When I first checked out one of Mitsubishi's Unisen "Immersive Sound" LCD TVs (the LT-46153, reviewed here), I was struck by the ingenuity of mounting a full-featured soundbar into the set's cabinet. And when I eventually connected a subwoofer to the TV, powered it up, and let a movie rip, I was floored by the room-filling sound - something you don't expect from a flat-panel model.
Two years ago, I found myself listening to Monitor Audio’s flagship Platinum Series towers in the company’s CES demo room and thinking, Who drops 10 grand on a pair of speakers, no matter how good they sound?
One argument made by naysayers when 3D TV first arrived was that the feature would jack up prices for flat-panel sets. That did prove sort of true at first, but 3D was quickly folded into the general feature package for most TVs, leaving set prices to continue their downward trajectory. Case in point: Panasonic’s new TC-P55ST50. The first Panasonic 3D TV I reviewed 2 years back had a 50-inch screen and cost $2,600. But the company’s new P55ST50 3D plasma has a larger, 55-inch screen and costs around $1,600. Depending on how the rest of this review plays out, that could mean we have a serious bargain on our hands.
Along with Samsung, Panasonic has been pushing hard to bring 3D TV to both early adopters and regular folks who happened to catch Avatar, Alice in Wonderland, Toy Story 3, or one of the other recent 3D blockbusters at their local multiplex. But whereas Samsung is neutral when it comes to displays, offering 3D TVs in LCD and plasma flavors, 3D for Panasonic is all about plasma. The company’s initial VT20 Series sets were made available exclusively through Best Buy.
Last year's lineup of Pioneer Kuro plasmas established a new benchmark for flat-panel HDTV performance, with the sets serving up deep-black backgrounds that were unlike anything we'd seen on a plasma or LCD model before - or since (See the review of the PRO-110FD in
There are two stories to tell about Samsung’s new E8000 line of plasma TVs. The first, and likely the more compelling one for S+V readers, is that the E8000 continues Samsung’s streak of putting out plasmas that meet videophile standards for color accuracy, contrast, and shadow detail. The second is that the E8000 is one of the company’s flagship “Smart TV” lines. This basically means that every Smart feature you can think of has been tossed in, including voice and gesture control, face recognition, Web browser, interactive fitness training — the list goes on.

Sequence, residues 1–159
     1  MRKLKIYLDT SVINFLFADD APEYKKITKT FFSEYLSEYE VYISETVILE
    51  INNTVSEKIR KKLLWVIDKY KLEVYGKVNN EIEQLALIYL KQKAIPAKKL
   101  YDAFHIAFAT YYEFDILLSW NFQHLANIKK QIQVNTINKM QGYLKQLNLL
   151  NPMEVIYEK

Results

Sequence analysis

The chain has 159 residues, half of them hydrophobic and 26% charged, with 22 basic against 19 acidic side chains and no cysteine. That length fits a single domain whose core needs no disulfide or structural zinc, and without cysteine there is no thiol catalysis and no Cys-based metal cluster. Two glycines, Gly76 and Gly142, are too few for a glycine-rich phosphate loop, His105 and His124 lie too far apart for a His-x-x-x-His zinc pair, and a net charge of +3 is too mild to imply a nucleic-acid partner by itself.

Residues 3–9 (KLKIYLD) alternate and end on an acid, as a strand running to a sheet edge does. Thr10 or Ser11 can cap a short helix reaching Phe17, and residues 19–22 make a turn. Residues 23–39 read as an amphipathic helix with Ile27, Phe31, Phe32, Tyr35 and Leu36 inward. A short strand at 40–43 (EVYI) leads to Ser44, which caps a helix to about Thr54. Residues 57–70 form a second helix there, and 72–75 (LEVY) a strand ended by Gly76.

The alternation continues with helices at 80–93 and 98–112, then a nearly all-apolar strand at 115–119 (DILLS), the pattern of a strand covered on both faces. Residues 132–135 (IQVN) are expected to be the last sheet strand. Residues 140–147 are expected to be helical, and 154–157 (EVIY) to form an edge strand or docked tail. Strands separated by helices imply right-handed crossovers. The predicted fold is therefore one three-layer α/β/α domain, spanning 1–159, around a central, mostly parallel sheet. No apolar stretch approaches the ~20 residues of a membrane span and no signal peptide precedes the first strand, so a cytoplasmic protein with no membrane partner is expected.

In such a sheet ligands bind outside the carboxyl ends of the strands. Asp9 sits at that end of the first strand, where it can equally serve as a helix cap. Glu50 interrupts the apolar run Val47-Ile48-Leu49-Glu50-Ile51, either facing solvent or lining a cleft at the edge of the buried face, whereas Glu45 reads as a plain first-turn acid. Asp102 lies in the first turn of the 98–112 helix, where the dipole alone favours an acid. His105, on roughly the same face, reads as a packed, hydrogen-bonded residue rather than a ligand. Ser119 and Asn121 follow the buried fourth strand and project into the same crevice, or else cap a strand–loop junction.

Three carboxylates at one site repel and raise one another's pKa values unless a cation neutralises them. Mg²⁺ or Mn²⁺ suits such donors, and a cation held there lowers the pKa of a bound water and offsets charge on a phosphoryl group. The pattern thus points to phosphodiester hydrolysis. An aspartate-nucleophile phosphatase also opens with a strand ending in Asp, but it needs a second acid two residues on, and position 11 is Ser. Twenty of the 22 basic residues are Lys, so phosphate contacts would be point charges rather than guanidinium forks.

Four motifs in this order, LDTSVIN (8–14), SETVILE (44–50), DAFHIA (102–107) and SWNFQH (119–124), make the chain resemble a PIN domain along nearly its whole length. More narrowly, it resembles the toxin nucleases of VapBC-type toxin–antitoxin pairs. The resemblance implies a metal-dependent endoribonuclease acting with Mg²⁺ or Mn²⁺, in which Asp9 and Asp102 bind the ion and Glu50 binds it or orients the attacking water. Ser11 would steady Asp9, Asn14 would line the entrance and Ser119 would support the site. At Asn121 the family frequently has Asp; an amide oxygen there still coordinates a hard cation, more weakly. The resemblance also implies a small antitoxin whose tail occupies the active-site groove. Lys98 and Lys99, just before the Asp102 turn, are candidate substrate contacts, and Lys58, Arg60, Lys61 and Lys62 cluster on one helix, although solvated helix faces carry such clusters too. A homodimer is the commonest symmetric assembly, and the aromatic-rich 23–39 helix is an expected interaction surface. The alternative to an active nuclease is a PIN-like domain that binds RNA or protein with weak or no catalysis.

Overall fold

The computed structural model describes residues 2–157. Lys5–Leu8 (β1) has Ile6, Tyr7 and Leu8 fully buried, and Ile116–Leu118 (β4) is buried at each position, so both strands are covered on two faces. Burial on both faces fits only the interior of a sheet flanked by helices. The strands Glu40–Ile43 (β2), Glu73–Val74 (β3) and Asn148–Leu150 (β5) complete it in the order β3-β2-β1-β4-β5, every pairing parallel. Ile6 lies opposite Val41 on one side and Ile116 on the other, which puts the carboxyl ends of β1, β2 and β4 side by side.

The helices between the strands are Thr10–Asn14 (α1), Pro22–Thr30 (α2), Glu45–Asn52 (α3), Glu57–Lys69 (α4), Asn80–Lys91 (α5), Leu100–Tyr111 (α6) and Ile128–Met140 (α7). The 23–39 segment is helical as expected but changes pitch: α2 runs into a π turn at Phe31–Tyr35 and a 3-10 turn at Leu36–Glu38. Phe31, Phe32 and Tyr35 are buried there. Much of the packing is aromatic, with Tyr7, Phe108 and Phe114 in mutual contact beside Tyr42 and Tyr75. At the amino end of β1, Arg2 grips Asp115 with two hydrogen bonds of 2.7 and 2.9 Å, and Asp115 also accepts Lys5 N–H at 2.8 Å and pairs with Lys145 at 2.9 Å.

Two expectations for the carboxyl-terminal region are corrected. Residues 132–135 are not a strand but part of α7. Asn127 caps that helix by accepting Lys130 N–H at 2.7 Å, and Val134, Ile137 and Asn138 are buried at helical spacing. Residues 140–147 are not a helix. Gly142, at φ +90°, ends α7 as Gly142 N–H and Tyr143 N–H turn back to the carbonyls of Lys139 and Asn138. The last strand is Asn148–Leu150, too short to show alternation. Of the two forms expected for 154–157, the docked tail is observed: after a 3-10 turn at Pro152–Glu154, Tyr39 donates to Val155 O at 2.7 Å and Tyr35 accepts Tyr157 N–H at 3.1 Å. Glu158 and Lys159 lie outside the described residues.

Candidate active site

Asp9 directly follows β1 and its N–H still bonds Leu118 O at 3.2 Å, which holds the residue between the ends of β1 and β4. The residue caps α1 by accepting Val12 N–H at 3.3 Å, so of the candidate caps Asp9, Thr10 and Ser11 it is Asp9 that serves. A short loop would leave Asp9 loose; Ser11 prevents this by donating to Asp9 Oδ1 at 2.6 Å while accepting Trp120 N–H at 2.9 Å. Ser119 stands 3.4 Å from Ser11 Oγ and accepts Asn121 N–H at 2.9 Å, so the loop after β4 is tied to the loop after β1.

I won’t assume that everyone will know what I’m talking about when I drop the word “Kuro,” but longtime Sound+Vision readers may recall a line of high-end, and accordingly high-priced, Pioneer Elite plasma TVs that we heaped praise upon back in the day.
When they first arrived a few years back, LED-driven LCD TVs with a full array backlight made a big splash. Why? Because the backlight, a grid of LED lamp modules spanning the rear of the display panel, can be modulated via local dimming — a process that enables the set to track specific areas in the image, turning select modules on, off, or somewhere in between.
When I tested Sony’s flagship XBR-55HX929 TV for our November 2011 issue, I called it out as having “the best-looking picture I’ve seen from an LCD TV in a long time.” Jump forward a few months, and I’m attending a demonstration at Sony’s HQ. During the demo, Sony put its flagship XBR, a model with a full-array LED backlight, up against a group of other TVs, including the company’s new edge-lit HX85 Series set. If you follow our reviews, you’ll know that LCDs with edge-lit LED backlights typically don’t fare well, mostly due to screen uniformity issues. However, the HX85 set in Sony’s shootout not only smoked the competition but was about on par with the company’s XBR model. Naturally, I was eager to get my hands on one.